The main missing pieces here are annotation and copying. I hope annotations will appear in future releases, as people like to mark up books with their own marginalia and there's no reason why that feature should not be offered here. Where would Fermat's Last Theorem have come from, otherwise?
Copying is more complicated. On DRM-free EPUB books, I was able to make selections and copy them. In books sold by Apple, not so. I'm sure this is part of the agreement Apple has with publishers, but it seems churlish to prevent copying of even phrases or short passages. I could simply look at the iPad or a screenshot and retype the text, so it's hardly an effective copy-protection mechanism.
iBooks gets high marks for its combination of simple choices and clever options. It's not just designed to be pretty; reading is its focus.
Amazon's Kindle App -- Amazon has a single Kindle app revised to work to the advantage of each iPhone OS device. The iPad modifications are thoughtful enough, making good use of the additional screen space.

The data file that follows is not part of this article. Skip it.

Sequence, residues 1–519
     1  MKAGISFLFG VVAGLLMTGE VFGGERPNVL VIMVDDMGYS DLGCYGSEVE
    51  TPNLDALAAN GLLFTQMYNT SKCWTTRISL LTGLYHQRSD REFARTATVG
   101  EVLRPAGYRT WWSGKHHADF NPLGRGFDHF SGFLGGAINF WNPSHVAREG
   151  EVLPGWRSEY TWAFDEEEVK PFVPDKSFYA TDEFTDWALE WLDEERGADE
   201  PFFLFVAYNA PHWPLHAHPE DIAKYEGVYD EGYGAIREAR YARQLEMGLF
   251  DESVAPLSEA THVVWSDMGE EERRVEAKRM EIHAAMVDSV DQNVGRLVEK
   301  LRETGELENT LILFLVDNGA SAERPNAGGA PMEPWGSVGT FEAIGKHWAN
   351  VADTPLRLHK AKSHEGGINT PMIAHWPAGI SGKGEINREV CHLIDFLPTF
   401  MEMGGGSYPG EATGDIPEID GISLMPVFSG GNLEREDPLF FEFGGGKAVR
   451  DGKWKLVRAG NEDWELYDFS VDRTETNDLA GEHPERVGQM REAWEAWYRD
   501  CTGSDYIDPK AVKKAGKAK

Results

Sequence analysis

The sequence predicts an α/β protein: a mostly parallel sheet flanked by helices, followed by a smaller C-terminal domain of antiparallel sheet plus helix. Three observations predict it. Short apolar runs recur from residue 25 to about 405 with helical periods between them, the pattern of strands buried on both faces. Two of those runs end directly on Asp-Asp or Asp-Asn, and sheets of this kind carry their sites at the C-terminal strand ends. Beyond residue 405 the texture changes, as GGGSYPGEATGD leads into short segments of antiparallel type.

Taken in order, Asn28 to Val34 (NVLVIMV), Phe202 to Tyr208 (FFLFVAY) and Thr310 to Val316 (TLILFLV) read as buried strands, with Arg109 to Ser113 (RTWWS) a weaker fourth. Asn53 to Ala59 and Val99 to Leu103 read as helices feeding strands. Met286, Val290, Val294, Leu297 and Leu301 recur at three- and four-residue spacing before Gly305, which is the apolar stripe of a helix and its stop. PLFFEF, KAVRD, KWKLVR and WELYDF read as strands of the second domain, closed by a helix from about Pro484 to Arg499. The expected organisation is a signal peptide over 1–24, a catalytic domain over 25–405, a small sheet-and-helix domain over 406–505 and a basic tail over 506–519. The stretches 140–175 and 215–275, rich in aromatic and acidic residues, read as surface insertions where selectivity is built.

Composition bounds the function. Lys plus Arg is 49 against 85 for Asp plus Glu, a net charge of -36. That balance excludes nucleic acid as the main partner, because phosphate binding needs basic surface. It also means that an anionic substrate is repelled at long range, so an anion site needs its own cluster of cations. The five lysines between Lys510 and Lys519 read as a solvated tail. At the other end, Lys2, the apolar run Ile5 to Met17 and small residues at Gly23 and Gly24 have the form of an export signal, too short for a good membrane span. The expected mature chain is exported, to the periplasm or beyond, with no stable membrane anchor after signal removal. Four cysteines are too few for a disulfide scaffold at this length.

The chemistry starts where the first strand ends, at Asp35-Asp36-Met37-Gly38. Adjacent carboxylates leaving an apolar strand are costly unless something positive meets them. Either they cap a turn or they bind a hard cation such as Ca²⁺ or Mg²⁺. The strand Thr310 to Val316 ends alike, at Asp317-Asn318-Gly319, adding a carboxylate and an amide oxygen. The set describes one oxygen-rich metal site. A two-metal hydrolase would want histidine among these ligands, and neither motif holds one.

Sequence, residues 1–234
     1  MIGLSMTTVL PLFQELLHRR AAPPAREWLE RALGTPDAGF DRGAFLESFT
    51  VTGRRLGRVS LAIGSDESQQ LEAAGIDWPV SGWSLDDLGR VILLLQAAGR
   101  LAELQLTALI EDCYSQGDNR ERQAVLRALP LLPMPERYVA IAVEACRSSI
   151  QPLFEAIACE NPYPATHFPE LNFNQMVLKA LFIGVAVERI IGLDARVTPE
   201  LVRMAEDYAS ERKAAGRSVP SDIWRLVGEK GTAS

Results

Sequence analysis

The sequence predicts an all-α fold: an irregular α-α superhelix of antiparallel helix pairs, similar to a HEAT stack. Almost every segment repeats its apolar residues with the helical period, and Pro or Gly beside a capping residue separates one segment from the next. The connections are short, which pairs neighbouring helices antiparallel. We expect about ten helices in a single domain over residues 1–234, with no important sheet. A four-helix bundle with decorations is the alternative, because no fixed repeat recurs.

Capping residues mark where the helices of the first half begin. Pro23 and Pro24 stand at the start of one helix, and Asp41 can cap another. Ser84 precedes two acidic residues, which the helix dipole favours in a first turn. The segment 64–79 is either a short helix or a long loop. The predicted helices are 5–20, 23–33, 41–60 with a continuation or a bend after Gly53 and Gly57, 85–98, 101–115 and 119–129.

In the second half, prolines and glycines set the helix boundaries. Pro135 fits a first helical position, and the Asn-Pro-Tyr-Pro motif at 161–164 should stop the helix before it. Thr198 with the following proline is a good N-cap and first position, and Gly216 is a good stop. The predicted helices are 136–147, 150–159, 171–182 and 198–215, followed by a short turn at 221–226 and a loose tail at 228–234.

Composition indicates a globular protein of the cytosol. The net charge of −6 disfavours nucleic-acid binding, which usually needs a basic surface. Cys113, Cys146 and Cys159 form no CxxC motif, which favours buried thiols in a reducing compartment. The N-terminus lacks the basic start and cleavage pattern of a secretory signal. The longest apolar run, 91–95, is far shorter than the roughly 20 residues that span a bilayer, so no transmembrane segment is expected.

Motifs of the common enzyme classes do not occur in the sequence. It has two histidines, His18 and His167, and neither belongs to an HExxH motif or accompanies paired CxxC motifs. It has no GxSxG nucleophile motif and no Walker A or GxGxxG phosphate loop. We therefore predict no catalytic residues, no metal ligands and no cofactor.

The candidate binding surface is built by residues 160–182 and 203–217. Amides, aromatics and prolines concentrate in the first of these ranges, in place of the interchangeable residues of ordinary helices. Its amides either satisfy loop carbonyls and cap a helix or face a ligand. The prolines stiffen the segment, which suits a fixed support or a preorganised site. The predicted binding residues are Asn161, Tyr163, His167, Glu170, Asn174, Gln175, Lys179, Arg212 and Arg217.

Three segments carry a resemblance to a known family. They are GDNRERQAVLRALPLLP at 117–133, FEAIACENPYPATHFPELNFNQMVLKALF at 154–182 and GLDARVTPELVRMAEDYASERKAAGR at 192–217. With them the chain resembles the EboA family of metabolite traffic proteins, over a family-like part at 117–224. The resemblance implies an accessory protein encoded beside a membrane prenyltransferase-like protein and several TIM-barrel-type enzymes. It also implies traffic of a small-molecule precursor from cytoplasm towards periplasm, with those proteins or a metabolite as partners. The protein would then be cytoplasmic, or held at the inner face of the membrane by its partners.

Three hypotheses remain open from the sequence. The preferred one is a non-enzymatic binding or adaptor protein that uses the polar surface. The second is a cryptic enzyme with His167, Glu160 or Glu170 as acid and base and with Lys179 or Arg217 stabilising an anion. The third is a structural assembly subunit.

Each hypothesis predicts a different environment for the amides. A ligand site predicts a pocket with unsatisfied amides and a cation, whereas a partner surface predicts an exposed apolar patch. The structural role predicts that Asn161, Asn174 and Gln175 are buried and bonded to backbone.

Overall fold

The main Kindle screen can show either your Home, which displays books downloaded on the iPad, or Archived Items, which is a strange way to describe books you've purchased via Amazon's Web site or a Kindle device, all of which are available for retrieval at any time. Periodical and blog subscriptions can currently be viewed and downloaded only to a Kindle device, not to the app. Tap an Archived Items book and it's downloaded to Home.
This is the key advantage Amazon has over Apple: the portability across Kindle, Windows, iPhone, and Mac OS X hardware (with its new, but primitive reader; see "Amazon Releases Kindle for Mac and Explains iPad Plans," 22 March 2010). Amazon's locker strategy is also nice, ensuring that you don't have to sync to a particular media library on a desktop machine to retrieve books you purchased on another system. Amazon's Whispersync system keeps notes, highlights, bookmarks, and the last-read point all in order among everything registered to your account, too.
Amazon claims 450,000 titles available, which includes free works, but those don't seem to make up a preponderance of its catalog. (Barnes and Noble's Nook reader and software claims a much larger number, but hundreds of thousands of those are public domain titles drawn from Google Books.)